Alberta Gaming is driving grads back to the bush

Dangling a carrot in front of a horse’s nose will prompt even the laziest or most stubborn animal to keep moving forward.

Dangling a carrot in front of a horse’s nose will prompt even the laziest or most stubborn animal to keep moving forward.

For many senior high school students, that inspirational carrot is the promise of the June graduation party.

Last week, Red Deer’s Lindsay Thurber Comprehensive High School graduates had their celebration plans crushed by a call from the Alberta Liquor and Gaming Commission.

An ALGC representative said liquor inspectors, backed by RCMP members, would inspect the event on Friday evening, forcing parents to cancel the event only hours before the party was scheduled to begin.

In writing this, I tried to put myself back into the shoes of a high school grad for a moment to try to imagine how disappointing that news must have been.

Alberta Liquor and Gaming and the RCMP can’t be expected to publicly declare support for the safe-grad concept, but we should expect that just once a year, in the name of safety and common sense, they’d turn a blind eye and allow these kids this time-honoured rite of passage.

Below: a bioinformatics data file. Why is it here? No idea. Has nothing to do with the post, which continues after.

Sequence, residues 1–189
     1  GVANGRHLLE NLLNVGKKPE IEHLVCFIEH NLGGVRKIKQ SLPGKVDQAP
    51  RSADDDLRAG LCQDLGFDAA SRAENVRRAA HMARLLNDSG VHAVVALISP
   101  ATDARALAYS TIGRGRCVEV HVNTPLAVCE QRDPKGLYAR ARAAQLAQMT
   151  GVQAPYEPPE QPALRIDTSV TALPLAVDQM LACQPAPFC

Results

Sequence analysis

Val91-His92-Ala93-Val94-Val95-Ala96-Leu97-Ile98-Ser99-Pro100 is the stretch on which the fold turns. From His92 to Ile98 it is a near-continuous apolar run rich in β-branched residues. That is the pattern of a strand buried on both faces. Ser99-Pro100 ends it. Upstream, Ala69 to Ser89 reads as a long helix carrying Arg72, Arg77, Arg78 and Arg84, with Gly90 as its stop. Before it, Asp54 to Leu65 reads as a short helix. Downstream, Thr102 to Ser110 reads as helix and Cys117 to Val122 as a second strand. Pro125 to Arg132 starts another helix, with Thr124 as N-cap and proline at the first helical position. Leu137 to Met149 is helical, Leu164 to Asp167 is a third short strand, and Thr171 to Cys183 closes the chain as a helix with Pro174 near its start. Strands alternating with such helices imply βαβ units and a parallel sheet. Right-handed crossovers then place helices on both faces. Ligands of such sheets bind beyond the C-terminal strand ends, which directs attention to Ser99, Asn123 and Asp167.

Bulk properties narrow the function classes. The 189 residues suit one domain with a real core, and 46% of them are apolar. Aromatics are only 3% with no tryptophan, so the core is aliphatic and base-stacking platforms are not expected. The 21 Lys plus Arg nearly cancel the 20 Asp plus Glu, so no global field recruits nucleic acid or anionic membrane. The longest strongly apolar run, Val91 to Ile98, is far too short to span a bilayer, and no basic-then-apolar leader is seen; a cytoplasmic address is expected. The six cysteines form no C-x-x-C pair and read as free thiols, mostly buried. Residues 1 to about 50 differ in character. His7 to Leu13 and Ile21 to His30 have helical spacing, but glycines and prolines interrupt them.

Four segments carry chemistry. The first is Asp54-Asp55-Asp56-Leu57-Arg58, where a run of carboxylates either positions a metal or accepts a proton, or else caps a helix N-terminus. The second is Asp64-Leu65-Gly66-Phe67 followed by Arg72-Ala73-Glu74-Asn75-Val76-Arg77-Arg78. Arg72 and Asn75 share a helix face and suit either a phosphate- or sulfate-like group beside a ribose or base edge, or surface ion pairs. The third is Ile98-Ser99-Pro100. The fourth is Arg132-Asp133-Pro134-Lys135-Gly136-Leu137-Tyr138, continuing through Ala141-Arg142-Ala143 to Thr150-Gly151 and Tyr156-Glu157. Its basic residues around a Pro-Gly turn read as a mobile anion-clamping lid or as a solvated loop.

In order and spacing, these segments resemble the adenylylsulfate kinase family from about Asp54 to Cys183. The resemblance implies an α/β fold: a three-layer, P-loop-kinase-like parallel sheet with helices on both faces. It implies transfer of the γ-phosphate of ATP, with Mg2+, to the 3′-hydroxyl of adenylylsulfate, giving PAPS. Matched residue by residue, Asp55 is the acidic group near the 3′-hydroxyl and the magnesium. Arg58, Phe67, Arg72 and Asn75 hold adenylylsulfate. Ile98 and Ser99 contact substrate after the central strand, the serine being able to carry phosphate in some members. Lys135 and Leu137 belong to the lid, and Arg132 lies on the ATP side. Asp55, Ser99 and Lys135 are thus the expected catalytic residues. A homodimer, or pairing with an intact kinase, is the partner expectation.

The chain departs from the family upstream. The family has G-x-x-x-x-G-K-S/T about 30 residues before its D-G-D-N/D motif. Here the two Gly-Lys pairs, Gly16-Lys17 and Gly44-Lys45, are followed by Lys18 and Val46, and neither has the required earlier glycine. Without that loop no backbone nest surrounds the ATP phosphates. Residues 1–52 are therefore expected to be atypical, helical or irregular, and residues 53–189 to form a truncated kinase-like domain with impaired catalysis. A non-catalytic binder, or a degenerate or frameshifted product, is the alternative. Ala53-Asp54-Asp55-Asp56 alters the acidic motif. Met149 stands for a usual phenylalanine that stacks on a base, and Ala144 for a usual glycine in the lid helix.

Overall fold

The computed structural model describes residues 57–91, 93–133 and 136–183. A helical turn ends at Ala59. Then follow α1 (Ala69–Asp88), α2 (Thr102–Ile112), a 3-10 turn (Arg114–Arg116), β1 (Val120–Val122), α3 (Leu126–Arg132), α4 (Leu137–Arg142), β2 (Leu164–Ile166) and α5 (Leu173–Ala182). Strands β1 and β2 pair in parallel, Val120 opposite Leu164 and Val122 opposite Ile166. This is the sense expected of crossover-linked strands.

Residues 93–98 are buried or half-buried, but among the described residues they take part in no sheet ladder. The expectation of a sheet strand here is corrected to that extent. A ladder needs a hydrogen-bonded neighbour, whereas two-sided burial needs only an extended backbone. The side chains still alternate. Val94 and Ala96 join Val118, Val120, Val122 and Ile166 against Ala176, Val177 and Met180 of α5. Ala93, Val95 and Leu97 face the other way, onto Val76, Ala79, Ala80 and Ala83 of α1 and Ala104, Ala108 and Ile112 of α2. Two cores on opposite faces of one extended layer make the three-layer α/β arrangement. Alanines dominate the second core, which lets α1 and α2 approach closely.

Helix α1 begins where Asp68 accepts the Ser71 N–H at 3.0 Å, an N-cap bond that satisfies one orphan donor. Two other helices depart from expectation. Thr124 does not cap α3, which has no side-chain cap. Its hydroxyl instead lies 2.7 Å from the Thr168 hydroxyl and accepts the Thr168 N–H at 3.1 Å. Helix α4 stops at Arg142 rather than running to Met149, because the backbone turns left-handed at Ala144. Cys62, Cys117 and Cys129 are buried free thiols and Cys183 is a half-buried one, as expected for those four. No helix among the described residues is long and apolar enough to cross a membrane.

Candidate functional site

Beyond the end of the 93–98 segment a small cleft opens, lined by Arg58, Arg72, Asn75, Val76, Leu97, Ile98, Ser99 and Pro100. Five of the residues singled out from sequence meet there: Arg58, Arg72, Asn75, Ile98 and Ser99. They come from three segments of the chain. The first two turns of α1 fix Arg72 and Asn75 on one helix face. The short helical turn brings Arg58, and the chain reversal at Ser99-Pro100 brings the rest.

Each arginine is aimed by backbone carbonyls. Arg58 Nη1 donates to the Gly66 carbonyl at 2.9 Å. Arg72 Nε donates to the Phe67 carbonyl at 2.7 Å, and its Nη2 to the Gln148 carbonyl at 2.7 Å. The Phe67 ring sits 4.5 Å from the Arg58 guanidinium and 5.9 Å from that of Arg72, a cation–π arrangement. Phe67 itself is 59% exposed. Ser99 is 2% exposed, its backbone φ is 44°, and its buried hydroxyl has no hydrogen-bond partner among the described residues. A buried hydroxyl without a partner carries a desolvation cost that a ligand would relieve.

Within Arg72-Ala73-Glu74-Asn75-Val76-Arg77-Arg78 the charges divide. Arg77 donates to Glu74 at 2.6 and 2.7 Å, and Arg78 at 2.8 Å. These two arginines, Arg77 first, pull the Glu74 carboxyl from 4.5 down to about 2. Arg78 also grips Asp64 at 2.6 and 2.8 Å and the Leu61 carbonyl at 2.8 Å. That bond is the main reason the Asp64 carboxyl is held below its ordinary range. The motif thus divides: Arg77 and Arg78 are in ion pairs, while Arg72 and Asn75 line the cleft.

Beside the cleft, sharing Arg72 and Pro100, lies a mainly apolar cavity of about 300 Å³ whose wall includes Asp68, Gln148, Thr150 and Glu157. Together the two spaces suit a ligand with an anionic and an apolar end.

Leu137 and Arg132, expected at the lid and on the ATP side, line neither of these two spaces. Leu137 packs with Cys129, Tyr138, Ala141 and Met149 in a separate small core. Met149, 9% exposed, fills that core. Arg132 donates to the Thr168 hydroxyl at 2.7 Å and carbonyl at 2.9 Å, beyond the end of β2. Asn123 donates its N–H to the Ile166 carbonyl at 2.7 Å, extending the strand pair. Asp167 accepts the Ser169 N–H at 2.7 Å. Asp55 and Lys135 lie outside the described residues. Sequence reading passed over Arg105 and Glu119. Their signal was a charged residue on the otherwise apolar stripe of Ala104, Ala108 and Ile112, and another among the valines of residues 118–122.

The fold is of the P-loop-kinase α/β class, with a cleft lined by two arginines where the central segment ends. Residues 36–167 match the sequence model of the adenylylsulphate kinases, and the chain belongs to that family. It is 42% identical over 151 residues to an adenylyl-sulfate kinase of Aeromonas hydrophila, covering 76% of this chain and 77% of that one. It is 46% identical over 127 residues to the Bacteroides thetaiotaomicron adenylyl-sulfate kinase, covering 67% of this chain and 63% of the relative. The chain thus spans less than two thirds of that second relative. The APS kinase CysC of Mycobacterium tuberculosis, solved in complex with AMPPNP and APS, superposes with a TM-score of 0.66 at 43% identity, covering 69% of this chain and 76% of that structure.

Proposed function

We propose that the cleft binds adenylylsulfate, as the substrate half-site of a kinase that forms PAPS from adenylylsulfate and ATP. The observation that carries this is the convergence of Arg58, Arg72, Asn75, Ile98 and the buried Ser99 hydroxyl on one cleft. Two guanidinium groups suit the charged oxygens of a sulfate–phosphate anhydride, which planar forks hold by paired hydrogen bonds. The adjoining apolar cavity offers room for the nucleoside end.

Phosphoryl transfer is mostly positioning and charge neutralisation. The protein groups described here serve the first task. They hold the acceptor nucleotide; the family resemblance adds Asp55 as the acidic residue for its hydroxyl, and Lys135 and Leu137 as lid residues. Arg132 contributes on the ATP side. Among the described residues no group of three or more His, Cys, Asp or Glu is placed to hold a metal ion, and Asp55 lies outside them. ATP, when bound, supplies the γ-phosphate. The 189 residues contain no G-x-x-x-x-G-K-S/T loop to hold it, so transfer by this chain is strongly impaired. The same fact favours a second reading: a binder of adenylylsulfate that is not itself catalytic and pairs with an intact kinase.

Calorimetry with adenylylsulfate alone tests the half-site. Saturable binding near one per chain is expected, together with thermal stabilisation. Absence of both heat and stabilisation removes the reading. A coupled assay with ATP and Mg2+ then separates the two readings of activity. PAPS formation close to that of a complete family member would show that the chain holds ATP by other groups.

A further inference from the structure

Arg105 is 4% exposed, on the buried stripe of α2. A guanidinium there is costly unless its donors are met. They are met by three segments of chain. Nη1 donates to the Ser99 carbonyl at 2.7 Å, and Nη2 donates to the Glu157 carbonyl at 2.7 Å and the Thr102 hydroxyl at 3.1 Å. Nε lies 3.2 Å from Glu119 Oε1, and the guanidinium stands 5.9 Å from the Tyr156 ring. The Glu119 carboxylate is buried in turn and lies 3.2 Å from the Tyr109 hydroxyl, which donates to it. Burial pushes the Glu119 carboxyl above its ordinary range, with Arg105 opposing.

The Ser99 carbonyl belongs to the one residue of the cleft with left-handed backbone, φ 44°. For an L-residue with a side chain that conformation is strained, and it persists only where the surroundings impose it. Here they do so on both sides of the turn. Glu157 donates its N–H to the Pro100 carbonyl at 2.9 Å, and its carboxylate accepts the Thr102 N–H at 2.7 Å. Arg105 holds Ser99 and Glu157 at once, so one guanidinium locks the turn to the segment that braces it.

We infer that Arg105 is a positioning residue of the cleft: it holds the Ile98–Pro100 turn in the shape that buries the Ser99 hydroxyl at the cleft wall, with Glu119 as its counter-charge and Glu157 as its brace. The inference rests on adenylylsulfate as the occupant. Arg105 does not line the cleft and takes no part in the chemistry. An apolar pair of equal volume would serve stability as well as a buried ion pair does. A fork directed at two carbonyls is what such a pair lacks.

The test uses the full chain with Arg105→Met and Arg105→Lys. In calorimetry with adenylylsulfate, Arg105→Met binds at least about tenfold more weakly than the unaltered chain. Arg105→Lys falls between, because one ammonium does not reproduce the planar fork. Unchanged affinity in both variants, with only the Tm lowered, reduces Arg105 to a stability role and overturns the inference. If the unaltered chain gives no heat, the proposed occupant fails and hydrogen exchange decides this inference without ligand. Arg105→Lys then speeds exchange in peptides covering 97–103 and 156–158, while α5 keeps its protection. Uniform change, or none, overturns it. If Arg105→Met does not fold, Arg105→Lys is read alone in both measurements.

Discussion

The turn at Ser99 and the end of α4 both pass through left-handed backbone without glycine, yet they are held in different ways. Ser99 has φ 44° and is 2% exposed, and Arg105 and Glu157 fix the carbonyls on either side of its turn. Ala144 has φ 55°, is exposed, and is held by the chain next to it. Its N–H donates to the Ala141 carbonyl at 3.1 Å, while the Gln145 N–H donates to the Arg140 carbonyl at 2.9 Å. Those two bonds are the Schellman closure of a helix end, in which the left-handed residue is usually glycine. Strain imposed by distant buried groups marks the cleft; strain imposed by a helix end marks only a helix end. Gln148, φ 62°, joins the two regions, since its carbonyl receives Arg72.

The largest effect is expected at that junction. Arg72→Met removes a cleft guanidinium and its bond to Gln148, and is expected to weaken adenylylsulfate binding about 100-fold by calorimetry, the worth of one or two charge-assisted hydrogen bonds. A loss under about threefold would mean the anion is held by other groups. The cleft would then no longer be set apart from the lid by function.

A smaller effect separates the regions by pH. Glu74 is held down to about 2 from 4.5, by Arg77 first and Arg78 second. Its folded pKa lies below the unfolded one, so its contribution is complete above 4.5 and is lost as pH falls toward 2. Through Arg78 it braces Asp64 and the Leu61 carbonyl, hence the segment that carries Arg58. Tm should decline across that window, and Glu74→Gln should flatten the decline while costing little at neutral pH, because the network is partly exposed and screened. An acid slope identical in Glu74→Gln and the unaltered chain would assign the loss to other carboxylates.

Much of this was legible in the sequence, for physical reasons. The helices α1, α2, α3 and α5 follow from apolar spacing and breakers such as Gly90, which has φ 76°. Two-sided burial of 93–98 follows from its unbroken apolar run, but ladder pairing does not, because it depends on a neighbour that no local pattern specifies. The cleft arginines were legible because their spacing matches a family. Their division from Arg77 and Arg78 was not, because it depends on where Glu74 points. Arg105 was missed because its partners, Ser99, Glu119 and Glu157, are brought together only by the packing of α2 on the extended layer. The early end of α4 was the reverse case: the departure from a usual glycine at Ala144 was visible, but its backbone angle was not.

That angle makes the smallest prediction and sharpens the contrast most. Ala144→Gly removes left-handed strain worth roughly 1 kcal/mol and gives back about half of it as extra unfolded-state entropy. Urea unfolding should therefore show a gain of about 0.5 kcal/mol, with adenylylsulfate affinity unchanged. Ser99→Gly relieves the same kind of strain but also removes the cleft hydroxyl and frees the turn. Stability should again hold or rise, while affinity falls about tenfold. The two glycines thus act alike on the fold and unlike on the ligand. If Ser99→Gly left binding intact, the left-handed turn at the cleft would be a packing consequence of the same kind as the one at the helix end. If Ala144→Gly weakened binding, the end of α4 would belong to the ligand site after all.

Where I was raised, kids started dreaming about their high school grad from about Grade 7. We’d get excited just talking about it during breaks and at volleyball practice.

As junior high kids, we’d hear tales of the wild, all-night parties held by graduating classes of previous years. By Grade 11, we were actively planning and fundraising for The Big Night.

In years past, small-town grad celebrations were traditionally large-scale bush parties with pickup trucks backed around a massive bonfire. Lots of booze and no chaperones.

When the party ended, some people stumbled off to tents, but many jumped behind the wheel and drove home.

Obviously this chaotic bush-party concept didn’t sit well with most parents, so the idea of a the safe grad was born.

By common definition, ‘safe grad’ basically means allowing graduating students to celebrate with alcohol under the close supervision of adult chaperones — even if some of those students are under the legal drinking age.

We had plenty of support in planning our safe grad. Several parents stepped up to chaperone, provide snacks and transport drunken partygoers home safely.

When the big day came, we anxiously endured the commencement, thanked friends and family for their support, then swapped our tuxedos and gowns for jeans.

Parent volunteers delivered our coolers of beer to the curling rink where a DJ had set up to blast tunes all night long.

At one point, the local RCMP even dropped in just to make sure everything was under control. Satisfied that everyone was safe, they left without arresting anybody.

When we’d had our fill and the music finally stopped at dawn, we were all chauffeured home to our parents. Not one person in our class could be accused of drinking and driving that night.

The fact is, kids are going to party and drink booze on graduation night whether we allow them to or not — let’s not kid ourselves here.

We should be giving our grads a little credit for being responsible enough to plan for a safe celebration.

Instead, we appear to be forcing them back to the bush.

Leo Paré is the Advocate’s online editor.